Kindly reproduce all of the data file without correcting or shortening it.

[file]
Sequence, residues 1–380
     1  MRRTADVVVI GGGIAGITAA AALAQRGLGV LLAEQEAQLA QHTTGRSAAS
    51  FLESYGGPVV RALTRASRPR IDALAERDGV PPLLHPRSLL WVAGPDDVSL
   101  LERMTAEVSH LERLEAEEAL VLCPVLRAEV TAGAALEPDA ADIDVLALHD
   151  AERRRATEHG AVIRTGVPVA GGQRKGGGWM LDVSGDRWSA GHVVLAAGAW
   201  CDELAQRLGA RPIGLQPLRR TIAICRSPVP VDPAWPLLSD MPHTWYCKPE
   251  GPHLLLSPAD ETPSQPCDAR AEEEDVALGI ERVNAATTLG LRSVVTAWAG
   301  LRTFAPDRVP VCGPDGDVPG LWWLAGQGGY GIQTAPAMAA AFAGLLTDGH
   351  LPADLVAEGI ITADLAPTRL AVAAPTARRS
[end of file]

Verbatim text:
Sequence, residues 1–380
     1  MRRTADVVVI GGGIAGITAA AALAQRGLGV LLAEQEAQLA QHTTGRSAAS
    51  FLESYGGPVV RALTRASRPR IDALAERDGV PPLLHPRSLL WVAGPDDVSL
   101  LERMTAEVSH LERLEAEEAL VLCPVLRAEV TAGAALEPDA ADIDVLALHD
   151  AERRRATEHG AVIRTGVPVA GGQRKGGGWM LDVSGDRWSA GHVVLAAGAW
   201  CDELAQRLGA RPIGLQPLRR TIAICRSPVP VDPAWPLLSD MPHTWYCKPE
   251  GPHLLLSPAD ETPSQPCDAR AEEEDVALGI ERVNAATTLG LRSVVTAWAG
   301  LRTFAPDRVP VCGPDGDVPG LWWLAGQGGY GIQTAPAMAA AFAGLLTDGH
   351  LPADLVAEGI ITADLAPTRL AVAAPTARRS